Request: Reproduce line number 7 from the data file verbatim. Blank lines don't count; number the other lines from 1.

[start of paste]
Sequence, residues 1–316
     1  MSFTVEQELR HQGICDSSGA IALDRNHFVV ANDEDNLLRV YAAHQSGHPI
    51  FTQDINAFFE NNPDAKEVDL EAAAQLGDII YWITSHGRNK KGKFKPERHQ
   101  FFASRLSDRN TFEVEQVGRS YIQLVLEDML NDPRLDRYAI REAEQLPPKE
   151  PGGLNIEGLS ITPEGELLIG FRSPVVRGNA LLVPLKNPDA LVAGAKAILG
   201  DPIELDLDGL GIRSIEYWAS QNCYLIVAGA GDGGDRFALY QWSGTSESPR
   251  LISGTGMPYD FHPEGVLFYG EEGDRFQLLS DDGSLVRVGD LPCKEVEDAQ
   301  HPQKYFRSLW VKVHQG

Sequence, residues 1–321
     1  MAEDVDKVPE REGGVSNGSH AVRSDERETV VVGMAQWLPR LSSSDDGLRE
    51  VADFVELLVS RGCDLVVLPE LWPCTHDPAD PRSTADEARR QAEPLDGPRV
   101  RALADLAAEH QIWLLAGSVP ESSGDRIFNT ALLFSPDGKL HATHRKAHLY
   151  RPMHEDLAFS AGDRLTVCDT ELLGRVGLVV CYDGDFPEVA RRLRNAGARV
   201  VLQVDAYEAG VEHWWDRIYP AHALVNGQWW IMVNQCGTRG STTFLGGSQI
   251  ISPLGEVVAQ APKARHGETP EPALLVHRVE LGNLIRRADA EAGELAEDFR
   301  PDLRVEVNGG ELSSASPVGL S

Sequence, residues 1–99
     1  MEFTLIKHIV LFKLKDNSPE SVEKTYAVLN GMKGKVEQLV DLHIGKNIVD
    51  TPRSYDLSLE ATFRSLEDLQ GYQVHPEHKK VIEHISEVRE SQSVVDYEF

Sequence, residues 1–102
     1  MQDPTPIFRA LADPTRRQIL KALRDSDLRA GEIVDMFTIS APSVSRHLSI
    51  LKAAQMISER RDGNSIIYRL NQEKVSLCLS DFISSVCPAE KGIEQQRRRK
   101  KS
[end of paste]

   251  LISGTGMPYD FHPEGVLFYG EEGDRFQLLS DDGSLVRVGD LPCKEVEDAQ